The survey by the gfs.bern polling institute showed that 52 percent of voters opposed the plan, while 42 percent were in favour.
With just six percent of voters still to make up their minds, a turnaround by supporters of the fighter purchase appeared unlikely, the polling institute said.
Approved by the government in 2011 and backed by parliament last September, the fighter deal cannot be blocked as such in the May 18th referendum.
But opponents have been able to contest legislation that allowed the purchase to be funded by tapping an annual 300 million Swiss francs ($342 million) from the neutral country's military budget over 10 years.
The Swiss defence ministry has said that in the event the people reject the financing legislation, the decision will be respected, and that there is no back-up funding plan.
Switzerland opted for Saab's Gripen jets over the Rafale made by French company Dassault and the Eurofighter of pan-European firm EADS.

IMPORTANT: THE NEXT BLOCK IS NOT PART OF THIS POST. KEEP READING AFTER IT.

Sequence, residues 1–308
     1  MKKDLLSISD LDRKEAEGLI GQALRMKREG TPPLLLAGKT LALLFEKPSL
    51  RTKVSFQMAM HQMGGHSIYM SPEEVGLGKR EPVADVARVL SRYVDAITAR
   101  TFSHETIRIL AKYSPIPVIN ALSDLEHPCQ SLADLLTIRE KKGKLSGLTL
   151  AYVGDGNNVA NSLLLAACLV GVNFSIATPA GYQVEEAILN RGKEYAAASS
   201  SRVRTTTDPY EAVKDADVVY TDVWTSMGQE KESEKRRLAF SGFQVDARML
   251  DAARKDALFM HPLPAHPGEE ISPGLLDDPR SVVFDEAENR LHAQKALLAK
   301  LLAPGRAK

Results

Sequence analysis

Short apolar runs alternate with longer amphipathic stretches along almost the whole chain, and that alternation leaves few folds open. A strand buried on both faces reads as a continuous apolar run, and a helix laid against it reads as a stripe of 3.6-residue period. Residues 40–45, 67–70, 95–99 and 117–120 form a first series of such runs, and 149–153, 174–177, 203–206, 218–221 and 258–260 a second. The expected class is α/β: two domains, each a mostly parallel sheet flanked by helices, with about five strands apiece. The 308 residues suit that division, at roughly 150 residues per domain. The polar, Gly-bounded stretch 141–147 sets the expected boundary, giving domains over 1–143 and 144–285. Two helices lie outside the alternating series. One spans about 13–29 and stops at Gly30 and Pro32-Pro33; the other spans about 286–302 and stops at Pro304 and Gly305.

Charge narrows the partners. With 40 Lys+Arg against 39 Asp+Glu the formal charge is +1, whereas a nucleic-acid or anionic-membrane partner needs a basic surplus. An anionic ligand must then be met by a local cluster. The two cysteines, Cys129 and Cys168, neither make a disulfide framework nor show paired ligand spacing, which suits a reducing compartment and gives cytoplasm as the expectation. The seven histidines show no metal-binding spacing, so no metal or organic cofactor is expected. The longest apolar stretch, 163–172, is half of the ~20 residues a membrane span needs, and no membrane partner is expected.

Supporters underline that in exchange for the sale, Saab and its engine supplier are contractually bound to sign business deals with Swiss firms worth 2.5 billion francs over the next decade.
Opponents dismiss that, and say that the 3.1-billion-franc price tag for the jets could end up tripling because of operating and maintenance costs as well as future upgrades.
The anti-deal coalition is steered by the left-leaning Socialists and Greens, plus anti-militarists who last year lost in a referendum in which voters bucked a European trend and kept their conscript army.
The Gripen's adversaries also include economic liberals opposed to the price.
Referendums form the cornerstone of Switzerland's system of direct democracy, and the campaigners forced a plebiscite by mustering more than 65,000 signatures from voters.
The Gripens are meant to replace Switzerland's three-decade-old fleet of 54 F-5 Tigers, built by US group Northrop.
The Swiss air force also has 32 F/A 18 Super Hornets built by US company McDonnell Douglas, purchased in 1996.
The military notes that with a combined fleet of 54 Gripens and Super Hornets, Switzerland's fleet would lag far behind the 300 jets in service in the early 1990s.